VOI, KENYA —
African elephants are the largest land animals on Earth, weighing as much as six tons, and measuring up to 7.5 meters long.
But despite their size, they find humans to be their greatest threat: Tens of thousands of these animals are killed every year for their ivory tusks.
Researcher Lucy King, head of the human-elephant coexistence program at Kenya-based conservation group Save the Elephants, said poaching is devastating animal populations across Africa.
But another major concern is human-wildlife conflict.
When elephants raid crops, it causes financial loss to the farmers and potential harm to the elephants.
“The population in Africa is increasing exponentially, and the land space for elephants and other large game is shrinking exponentially,” King said. “Corridors are being blocked, infrastructure development is coming up, and so I believe the next big challenge for elephants is going to be conflict.
One of the hives that make up a beehive fence at Charity Mwangome's farm in Taita-Taveta area of Kenya, April 19, 2016.
"And that interface between farmers and elephants is the one we’re working on, and we feel we can do something with," she said.
So she did.
King learned that when elephants heard the distinctive sound of bees, they rounded up their herd and quickly moved away.
Local farmers attested that despite the elephants’ thick skin, bees could still sting around their eyes and disturb their ears, causing them to shy away when they heard buzzing.
And the Elephants and Bees Project was born.
King and her team work near in the Taita-Taveta area of Kenya, near Tsavo East National Park, where they’ve helped 22 farmers build and maintain beehive fences, consisting of between 10 and 21 hives, depending on the size of the farmer’s plot, plus “dummy” hives to help spread out the bee concentration.
The hives are strung along the periphery of a farmer’s crops to deter the elephants from crop raiding.
The team monitors each farmer’s hives carefully, taking notes on each one and also working with the farmers to determine the elephants’ movements in the area.
Elephants walk toward a watering hole near Tsavo East National Park, Voi, Kenya, April 20, 2016.
King says a beehive fence features a critical difference from an electric fence.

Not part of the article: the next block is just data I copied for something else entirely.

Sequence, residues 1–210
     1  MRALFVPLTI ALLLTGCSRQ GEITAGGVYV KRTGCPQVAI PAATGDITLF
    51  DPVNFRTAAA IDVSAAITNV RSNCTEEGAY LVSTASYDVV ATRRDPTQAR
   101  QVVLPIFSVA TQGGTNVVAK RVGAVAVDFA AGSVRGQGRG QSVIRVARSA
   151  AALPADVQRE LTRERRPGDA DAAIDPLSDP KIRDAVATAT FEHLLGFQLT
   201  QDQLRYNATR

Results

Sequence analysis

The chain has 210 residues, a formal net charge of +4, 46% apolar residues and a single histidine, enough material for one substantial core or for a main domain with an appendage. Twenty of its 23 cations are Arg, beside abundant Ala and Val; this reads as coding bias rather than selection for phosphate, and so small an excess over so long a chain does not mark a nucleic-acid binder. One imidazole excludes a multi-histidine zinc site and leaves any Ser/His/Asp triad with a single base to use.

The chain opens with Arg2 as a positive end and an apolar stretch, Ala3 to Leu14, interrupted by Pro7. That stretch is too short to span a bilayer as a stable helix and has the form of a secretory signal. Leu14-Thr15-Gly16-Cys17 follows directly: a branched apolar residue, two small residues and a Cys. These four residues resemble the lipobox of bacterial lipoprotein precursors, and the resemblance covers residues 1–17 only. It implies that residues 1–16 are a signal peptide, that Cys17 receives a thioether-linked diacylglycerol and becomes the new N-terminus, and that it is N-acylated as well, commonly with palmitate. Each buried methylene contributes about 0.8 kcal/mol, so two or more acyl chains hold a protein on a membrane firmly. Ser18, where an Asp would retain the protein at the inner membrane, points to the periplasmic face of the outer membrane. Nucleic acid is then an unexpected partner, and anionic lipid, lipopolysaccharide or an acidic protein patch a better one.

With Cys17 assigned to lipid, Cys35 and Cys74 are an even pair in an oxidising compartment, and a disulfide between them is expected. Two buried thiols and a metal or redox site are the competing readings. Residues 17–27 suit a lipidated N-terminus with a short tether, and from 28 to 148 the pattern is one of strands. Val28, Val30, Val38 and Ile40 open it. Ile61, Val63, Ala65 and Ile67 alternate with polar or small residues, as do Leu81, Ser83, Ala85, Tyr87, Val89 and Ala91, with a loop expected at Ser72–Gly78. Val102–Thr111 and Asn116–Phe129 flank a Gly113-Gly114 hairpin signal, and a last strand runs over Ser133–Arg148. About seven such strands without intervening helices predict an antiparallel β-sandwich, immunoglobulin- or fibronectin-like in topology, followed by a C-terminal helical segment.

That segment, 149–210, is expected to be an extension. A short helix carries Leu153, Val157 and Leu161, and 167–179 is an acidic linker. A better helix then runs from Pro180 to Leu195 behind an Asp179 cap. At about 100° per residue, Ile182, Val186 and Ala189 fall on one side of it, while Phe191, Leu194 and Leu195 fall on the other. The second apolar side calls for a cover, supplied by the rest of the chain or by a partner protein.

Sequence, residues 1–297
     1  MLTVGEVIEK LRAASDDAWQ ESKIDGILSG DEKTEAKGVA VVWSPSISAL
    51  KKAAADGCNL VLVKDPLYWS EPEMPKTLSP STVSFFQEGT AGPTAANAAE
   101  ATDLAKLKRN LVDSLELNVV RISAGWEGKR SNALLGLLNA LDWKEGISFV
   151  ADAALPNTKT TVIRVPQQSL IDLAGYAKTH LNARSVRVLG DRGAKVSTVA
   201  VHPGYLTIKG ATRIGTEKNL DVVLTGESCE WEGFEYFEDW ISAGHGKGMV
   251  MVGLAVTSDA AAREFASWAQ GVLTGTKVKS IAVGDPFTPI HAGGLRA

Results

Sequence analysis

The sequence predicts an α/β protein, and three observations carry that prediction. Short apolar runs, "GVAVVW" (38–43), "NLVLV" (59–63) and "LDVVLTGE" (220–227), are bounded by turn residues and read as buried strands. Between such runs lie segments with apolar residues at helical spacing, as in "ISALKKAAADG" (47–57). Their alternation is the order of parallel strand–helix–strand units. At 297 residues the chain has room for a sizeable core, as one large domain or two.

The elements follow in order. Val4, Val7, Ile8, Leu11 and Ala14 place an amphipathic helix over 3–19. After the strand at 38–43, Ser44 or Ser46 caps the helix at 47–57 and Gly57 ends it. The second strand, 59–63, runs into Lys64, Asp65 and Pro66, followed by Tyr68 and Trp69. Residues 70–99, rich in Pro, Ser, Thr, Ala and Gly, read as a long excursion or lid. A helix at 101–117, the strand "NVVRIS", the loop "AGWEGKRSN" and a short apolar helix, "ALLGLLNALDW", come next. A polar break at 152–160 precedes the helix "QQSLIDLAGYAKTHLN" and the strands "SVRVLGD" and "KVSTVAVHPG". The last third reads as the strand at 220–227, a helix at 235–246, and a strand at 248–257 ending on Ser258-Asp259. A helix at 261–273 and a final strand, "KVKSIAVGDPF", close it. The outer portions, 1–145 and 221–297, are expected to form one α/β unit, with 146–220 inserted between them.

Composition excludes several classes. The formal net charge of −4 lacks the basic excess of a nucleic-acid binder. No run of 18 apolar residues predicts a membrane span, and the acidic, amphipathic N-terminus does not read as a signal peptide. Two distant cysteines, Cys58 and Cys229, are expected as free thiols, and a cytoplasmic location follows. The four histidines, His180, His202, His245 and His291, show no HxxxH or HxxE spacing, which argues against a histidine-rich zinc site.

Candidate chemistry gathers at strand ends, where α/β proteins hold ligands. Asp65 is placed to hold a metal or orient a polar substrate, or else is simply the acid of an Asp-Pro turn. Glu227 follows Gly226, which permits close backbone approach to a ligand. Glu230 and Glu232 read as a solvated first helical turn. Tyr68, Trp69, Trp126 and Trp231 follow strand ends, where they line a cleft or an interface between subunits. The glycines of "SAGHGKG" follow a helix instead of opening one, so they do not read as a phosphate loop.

“Electric fencing provides a shock to the body, but it’s static. So the elephants can learn, 'If I touch that, it’s going to hurt.' But they can test it, they can put their bodies against it, they can push their feet on the posts, and eventually they can work out, one quick shove and the fence will go down,” King said. “But the fence doesn’t chase them afterwards.”
Local farmer Charity Mwangome, who built her fence in 2012, believes the research buzz.
“It helps a lot because if the elephants come in and they see the fence, they stop and don’t come into the farm. They instead go around," Mwangome said.
But the beehive fence, which King said has about an 80 percent success rate, doesn’t just help with keeping out the elephants. It also provides farmers with another means to generate income, through honey production.
WATCH: Video clip of elephants
Boost to income
And for farmers who make on average $300 per year, less than a dollar a day, the 30 to 50 percent income boost makes a big difference.
Research center coordinator Matthew Rudolph said the biggest problem is just keeping up with consumer demand for the honey, which he and other staff members process at its center here.
“People pick it up as soon as it is jarred,” Rudolph said.
And it goes fast, Rudolph and King said.
The center typically harvests the honey twice a year -- in January and May -- and produces about 500 jars. However, requests worldwide far exceed the production, the researchers said.
King said the priority is to first supply local markets so word about the beehive fences will spread.
Elephants in Tsavo East National Park, Kenya, April 20, 2016.
An open-source manual for constructing a beehive fence can be found on the group’s website.
King said she has received comments from people in at least 11 African and Asian countries who have used the plans to build their own beehives, adapting them to local conditions.
Although this project helps combat human-wildlife conflict, poaching remains the No. 1 threat to elephants.
Kenya President Uhuru Kenyatta will host this month’s Giants Club Summit, which will bring dignitaries together at Mount Kenya to find solutions to combat the crisis.
Organizers expect presidents from four African countries -- Botswana, Gabon, Kenya and Uganda -- and their representatives to attend the event, to be held Thursday through Saturday.
The event will conclude in Nairobi Saturday with the destruction of 105 tons of seized ivory to prevent its economic use.
PHOTO GALLERY: Related Elephant and Bee Project photos